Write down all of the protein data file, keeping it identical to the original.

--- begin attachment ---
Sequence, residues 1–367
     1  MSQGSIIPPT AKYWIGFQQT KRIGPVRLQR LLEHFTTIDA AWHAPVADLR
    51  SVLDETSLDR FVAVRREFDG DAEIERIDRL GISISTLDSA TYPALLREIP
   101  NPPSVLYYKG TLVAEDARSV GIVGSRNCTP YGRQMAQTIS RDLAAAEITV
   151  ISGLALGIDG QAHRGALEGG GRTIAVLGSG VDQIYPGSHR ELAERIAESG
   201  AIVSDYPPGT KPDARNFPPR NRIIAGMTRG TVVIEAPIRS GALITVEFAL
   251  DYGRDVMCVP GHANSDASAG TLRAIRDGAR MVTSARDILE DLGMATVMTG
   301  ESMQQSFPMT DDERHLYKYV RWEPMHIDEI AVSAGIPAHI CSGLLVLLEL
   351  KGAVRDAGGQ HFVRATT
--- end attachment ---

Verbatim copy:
Sequence, residues 1–367
     1  MSQGSIIPPT AKYWIGFQQT KRIGPVRLQR LLEHFTTIDA AWHAPVADLR
    51  SVLDETSLDR FVAVRREFDG DAEIERIDRL GISISTLDSA TYPALLREIP
   101  NPPSVLYYKG TLVAEDARSV GIVGSRNCTP YGRQMAQTIS RDLAAAEITV
   151  ISGLALGIDG QAHRGALEGG GRTIAVLGSG VDQIYPGSHR ELAERIAESG
   201  AIVSDYPPGT KPDARNFPPR NRIIAGMTRG TVVIEAPIRS GALITVEFAL
   251  DYGRDVMCVP GHANSDASAG TLRAIRDGAR MVTSARDILE DLGMATVMTG
   301  ESMQQSFPMT DDERHLYKYV RWEPMHIDEI AVSAGIPAHI CSGLLVLLEL
   351  KGAVRDAGGQ HFVRATT